Malaga, Nerja, Frigiliana
After 5 months of travelling in South East Asia, we arrived home to the UK and spent the whole of April catching up with friends and family and had a wonderful time. It was also a good chance to have a hot bath and do some proper laundry (rather than just hitting the clothes with a stick in cold water!). We, of course, took the opportunity to eat all the foods we had been missing and so piled back on a few of the pounds we had lost in the Asian heat. As for the weather, it was the worst April on record for the UK and, whilst sitting on trains and buses, we certainly started to wonder why we sold the car before we went.
So here we are now in the 22 degree heat of the Andalusian coast. We flew in on dirt-cheap Ryan Air flights to Malaga where we hired a small car at the airport. Sully insists it will work out cheaper than the two of us taking public transport everywhere…
Our first stop was the historic centre of Malaga, which was a very pleasant surprise. For some reason, which we have now forgotten, we weren’t expecting it to be such a nice place – but it is! We enjoyed roaming through the winding streets watching local life take place. This is the birthplace of Picasso. We had some great tapas and were pleased they were so cheap! We also saw the botanical gardens with wonderful jasmine and roses and saw the Moorish fortress, Alcazaba, high up on the hillside. We then saw the bull ring and the posters for upcoming events. Bull fighting is a huge part of Andalusian culture and the matadors are local heros. The most memorable sight was the amazing cathedral, it is huge and looks particularly grand when lit up at night. We were in Malaga for less than a day and could have easily spent longer exploring the city and the narrow alleys with endless tapas bars. Worth a visit.
The next morning we drove along the Costa del Sol and arrived at Nerja on the Costa Tropical and nestled at the foothills of the Almijara range. It’s a quiet beach town that reminded us a little of Sicily. We arrived during the 3 hour siesta break and spent the afternoon sleeping peacefully on the pretty beach. In the evening we explored the town and had yet more tapas. There aren’t any sights as such, but it’s a lovely little place with white-washed buildings, narrow alleys to explore and colourful flowers everywhere. There are some great views of the coast from the town as it is up on a hillside. The ice-cream here is pretty good too.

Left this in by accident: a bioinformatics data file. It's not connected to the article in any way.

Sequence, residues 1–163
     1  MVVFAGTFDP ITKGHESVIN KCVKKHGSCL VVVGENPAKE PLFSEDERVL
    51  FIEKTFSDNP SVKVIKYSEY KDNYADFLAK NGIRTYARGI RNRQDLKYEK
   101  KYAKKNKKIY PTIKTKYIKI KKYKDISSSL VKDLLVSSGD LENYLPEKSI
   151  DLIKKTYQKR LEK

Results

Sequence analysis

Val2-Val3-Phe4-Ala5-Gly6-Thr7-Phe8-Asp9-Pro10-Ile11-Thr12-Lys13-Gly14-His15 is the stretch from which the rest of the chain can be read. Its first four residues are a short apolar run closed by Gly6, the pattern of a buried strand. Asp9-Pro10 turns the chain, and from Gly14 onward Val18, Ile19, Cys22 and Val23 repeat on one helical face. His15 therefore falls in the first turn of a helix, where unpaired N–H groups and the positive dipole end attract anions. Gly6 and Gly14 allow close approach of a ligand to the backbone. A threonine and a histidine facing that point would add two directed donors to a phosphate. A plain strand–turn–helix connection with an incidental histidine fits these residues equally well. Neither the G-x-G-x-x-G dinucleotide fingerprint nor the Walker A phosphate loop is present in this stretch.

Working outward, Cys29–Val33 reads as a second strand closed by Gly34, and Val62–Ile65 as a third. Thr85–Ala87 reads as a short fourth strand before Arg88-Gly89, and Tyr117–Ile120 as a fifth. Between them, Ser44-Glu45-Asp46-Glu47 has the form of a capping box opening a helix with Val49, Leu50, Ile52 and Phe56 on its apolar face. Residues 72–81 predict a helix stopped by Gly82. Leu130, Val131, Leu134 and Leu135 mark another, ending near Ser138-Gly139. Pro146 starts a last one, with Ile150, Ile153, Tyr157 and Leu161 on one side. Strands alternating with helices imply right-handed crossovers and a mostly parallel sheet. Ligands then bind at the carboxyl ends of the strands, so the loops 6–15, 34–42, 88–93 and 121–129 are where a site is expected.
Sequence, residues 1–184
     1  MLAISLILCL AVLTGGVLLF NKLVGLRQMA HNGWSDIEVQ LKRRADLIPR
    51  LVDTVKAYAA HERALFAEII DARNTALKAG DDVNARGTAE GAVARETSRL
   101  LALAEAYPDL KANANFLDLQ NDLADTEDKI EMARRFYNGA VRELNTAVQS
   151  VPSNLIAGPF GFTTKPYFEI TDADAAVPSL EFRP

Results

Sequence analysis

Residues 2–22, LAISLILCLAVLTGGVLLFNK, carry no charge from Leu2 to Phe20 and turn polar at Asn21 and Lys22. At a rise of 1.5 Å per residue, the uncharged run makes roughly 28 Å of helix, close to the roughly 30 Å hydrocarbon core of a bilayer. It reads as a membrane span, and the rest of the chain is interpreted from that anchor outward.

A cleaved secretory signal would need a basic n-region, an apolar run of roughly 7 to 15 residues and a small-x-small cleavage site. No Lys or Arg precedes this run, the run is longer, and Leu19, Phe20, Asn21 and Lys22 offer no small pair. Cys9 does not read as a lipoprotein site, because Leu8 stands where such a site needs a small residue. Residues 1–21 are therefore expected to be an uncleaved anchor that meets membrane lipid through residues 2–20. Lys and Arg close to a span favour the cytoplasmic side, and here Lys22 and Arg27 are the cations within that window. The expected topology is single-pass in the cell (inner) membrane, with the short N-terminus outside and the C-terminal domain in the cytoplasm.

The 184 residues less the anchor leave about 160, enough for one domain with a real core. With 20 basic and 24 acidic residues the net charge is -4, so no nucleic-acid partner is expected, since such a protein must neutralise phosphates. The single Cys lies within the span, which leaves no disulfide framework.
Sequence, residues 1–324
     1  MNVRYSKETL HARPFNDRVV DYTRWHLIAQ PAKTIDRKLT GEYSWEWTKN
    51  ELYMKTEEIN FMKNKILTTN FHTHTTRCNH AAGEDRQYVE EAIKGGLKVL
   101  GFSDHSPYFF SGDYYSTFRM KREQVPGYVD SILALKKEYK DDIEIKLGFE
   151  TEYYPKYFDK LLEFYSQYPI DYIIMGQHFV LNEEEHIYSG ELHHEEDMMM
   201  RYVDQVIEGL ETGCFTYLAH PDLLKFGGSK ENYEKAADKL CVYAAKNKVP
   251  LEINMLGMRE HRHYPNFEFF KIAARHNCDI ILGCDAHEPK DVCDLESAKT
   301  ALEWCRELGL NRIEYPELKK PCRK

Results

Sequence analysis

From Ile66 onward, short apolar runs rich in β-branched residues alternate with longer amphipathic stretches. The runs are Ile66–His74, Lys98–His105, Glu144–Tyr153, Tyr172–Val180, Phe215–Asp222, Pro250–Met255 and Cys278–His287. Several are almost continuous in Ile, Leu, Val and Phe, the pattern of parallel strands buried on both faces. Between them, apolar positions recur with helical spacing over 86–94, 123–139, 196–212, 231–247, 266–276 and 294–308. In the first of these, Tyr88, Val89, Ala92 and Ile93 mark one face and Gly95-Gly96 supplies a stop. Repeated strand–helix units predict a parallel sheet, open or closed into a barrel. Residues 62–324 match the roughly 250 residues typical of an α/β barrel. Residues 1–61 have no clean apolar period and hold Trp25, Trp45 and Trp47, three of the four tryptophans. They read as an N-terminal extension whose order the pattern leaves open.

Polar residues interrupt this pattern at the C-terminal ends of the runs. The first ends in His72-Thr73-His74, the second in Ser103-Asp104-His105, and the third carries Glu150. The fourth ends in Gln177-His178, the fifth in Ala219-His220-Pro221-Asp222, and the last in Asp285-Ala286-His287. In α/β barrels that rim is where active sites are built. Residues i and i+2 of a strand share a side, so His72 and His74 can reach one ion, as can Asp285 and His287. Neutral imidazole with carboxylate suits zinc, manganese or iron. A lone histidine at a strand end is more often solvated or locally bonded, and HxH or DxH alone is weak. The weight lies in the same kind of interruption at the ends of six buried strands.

The following morning we drove to a nearby town called Frigiliana, which is a spectacular 6km drive from Nerja. It is a very pretty Moorish hill village clinging to the lower slopes of Monte El Fuerte. All the buildings are white and have wonderful wooden doors of all shapes and sizes. This is the kind of place Soph was expecting to see in the medinas of Morocco. We spent a pleasant few hours strolling through the steep and narrow alleys and enjoying the amazing views over the hills and down to the sea. Beautiful place.
Our final afternoon back in Nerja was rather eventful. We discovered that we were in town for an annual festival called El Dia de la Cruz and so spent the afternoon and evening in the central town square watching performances of song and dance. There was a mix of the traditional local music and there was definitely some flamenco involved and the locals were there to celebrate. It was a great festive atmosphere, and there was free chocolate covered popcorn, toffee and toffee plums (think toffee apples). The Spanish definitely know how to party! Although we probably will need to see a dentist soon after what we ate! After another round of tapas this evening, our short time on the coast is complete and tomorrow we will held inland to the province of Granada.